CW: In all honesty, I was kind of surprised by the numbers I put up, especially my home run total. In fact, I was definitely surprised at that. I didn't know if my power… that's something that usually lacks when you have an injury like mine. So, I was pleasantly surprised by some of the numbers, and toward the end of the season I picked it up significantly and felt pretty confident. I was able to carry that into Arizona, and feel confident that I can compete, even through an injury, and that will be helpful in the future if I have to overcome an injury again.

DL: Did you make any mechanical adjustments to compensate for the injury?

CW: I kind of did. My front leg is a little more open now, but that just kind of happened. I kind of cheated a little bit for the inside pitch, because I wasn't getting there at first with my hands. My hands weren't strong enough to get to inside pitches as well, so I opened up a little to be able to see that inside pitch a little better. Other than that, not too much really changed. I still have the same tall stance and stuff. It's just been little, subtle adjustments. Actually, I've made a few subtle adjustments out here in Arizona that have helped me a lot. Our hitting coach here, Gary Ward, has worked with me on some things that should help me out going into spring training.

DL: Was the slight opening of your stance done on your own, or was it suggested by a coach?

CW: Pretty much everything I've done… I'm at a level now where the coaches, and everyone who works with you, don't really change you around too much. I just communicated with some of the coaches and said, "This feels pretty good; what do you think of it?" I was like, "I could work with this." Out here, Gary Ward has said, "I think you need to stay back a little more," because sometimes I lunge forward a little bit. He's worked with me on fine-tuning that a little bit.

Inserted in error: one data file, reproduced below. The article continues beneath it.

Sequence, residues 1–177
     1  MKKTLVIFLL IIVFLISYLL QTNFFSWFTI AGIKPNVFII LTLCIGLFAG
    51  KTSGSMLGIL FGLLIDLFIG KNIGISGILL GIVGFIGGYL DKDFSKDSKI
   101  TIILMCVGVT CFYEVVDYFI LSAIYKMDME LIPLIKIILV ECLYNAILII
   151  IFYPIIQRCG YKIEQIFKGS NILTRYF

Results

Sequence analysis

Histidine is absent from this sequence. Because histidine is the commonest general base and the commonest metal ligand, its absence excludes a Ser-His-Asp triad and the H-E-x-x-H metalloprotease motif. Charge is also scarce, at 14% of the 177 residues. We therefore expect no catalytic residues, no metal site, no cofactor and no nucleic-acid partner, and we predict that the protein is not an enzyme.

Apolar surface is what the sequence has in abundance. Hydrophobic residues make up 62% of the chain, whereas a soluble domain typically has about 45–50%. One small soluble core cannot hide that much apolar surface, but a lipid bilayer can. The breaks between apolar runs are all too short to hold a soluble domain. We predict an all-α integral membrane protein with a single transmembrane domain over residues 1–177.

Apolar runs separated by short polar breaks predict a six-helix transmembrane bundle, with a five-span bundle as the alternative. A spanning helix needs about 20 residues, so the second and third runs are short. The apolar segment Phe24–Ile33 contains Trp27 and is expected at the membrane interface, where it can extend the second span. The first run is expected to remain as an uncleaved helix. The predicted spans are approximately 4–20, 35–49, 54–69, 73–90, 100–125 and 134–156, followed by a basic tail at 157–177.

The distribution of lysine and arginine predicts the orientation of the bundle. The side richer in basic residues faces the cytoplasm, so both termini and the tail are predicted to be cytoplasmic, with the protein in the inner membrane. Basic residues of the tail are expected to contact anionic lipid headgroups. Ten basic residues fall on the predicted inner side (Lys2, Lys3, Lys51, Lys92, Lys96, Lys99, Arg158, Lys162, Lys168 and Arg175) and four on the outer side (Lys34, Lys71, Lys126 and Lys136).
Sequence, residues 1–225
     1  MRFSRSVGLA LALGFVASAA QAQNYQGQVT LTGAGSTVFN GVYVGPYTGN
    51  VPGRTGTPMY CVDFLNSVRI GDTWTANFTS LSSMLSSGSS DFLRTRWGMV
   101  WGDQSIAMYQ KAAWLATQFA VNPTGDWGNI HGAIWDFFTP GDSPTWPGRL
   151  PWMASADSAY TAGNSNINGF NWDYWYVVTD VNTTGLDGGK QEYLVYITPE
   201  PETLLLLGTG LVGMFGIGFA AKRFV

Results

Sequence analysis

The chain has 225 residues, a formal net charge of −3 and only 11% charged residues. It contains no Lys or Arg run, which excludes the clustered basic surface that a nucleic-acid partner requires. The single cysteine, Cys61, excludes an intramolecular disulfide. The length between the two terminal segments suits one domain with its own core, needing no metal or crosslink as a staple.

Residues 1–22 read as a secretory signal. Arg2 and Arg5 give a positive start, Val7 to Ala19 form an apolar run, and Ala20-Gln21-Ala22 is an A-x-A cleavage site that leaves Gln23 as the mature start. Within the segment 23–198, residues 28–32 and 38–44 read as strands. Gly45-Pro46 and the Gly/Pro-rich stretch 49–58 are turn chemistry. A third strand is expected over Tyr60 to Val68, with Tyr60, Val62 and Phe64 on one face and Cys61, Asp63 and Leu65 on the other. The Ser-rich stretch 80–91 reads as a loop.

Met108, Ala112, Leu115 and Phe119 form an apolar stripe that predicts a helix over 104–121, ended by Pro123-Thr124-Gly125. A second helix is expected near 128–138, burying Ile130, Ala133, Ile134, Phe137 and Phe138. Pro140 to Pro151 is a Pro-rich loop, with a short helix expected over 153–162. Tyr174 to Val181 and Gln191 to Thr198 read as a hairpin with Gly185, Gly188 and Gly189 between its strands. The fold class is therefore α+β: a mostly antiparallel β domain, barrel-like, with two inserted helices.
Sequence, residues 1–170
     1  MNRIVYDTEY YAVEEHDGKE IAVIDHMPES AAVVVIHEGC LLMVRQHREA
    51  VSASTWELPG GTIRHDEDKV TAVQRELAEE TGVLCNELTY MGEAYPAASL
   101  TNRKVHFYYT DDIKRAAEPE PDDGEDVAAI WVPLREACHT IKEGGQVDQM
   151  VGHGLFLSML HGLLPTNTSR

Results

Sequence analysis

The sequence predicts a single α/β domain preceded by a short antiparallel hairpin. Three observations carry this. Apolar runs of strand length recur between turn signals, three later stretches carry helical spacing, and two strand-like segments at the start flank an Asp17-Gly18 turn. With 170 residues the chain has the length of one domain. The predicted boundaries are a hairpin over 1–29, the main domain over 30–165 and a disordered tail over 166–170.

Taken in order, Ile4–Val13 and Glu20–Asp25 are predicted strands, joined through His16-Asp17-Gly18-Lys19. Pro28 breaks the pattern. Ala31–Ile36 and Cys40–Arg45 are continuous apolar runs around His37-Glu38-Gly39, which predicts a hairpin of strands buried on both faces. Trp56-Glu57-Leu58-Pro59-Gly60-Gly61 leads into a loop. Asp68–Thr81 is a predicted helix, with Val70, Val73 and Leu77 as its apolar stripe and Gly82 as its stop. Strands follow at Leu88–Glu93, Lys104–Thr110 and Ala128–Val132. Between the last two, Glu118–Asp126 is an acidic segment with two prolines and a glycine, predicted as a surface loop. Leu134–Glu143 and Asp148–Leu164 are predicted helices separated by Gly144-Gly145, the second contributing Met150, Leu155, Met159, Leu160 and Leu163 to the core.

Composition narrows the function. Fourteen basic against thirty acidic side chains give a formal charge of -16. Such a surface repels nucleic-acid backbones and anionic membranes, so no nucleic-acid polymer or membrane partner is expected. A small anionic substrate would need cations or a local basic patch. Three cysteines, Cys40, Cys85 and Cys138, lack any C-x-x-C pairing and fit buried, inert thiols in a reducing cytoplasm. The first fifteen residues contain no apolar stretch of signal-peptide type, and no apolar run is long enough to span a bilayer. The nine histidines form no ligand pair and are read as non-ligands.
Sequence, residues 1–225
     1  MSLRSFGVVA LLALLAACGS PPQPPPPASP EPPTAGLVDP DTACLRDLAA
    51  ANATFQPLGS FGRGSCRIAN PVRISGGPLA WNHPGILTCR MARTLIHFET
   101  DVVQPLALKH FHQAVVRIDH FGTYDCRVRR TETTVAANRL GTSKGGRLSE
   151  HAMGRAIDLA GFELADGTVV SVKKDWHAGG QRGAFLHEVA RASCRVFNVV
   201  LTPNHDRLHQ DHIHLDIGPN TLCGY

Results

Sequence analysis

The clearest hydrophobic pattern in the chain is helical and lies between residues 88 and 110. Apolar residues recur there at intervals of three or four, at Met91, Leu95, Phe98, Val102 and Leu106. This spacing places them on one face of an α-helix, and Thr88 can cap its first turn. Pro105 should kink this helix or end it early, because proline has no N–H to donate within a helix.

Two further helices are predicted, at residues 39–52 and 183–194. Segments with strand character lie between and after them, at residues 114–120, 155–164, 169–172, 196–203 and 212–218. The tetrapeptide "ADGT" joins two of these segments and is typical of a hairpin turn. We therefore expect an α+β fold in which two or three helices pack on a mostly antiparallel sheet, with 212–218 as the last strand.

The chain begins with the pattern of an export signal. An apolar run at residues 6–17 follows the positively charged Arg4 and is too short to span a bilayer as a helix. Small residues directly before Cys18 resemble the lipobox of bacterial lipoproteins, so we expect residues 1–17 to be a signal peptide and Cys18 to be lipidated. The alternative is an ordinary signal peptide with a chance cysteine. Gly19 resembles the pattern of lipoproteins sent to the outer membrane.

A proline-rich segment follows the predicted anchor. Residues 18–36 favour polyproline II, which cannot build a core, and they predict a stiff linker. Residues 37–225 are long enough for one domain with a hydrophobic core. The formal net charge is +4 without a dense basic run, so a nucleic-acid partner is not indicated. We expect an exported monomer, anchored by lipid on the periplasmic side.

DL: Ward is in the White Sox organization. Does his advice differ at all from what you've been told by coaches in the Tigers' system?

CW: I think that, a lot of times, managers and hitting coaches say things a certain way, that… they say the same things, but in different ways. For an individual hitter, it's just the way you relate to him. For example, if I was a little late with my timing, I might hear something like, "Get your foot down." For me, that doesn't translate very well. I hear, "Get your foot down," and I don't really know what to do, what to work on, to get my foot down. But if it's, "Get that stride out a little earlier," or "Stride when the pitcher is here," that's something I can relate to a little better. So, a lot of it is the way coaches say a certain thing. Even if it's the same idea, they're saying it in a different way, and that can have a real impact. It's kind of like when you're in school. If someone is teaching you something you're not that interested, let's say it's history, maybe they can put a little spin on it to make it more fun. That's basically what it is.

DL: You've played for Tom Brookens each of the past two seasons. What influence has he had on you?

CW: He's really helped me, especially this year. He's helped to sculpt me, because last year I was kind of all over the place. He was actually my manager back when I was in the New York-Penn League too, and I'm sure he'd tell you that I'm a completely different player now than I was then, with the limited playing time I got when he was managing there. It's just a totally different scene for me now. He's sculpted me, and kind of fine-tuned some of the things I do. Like, defensively, he made sure I didn't make any… sometimes I like to make throws, from center field, and try to back-pick a guy off for a double play, if he's getting off too far. I've done that numerous times, and while I haven't thrown any balls away doing it, he's reiterated that you need to know what you need to do. You shouldn't always try to be superman out there and throw everyone out. Sometimes your job is to hit the cutoff and play under control. He's really helped me out with the mental aspect of the game, trying to make me more consistent and closer to being a big-league-ready player. He's done a lot. He's worked with me in the cage, making sure I stay through balls, and stuff. Everything he does is meant to help you get to the big leagues.

DL: What was it like watching Alex Avila get called up the big leagues and perform well once he got there?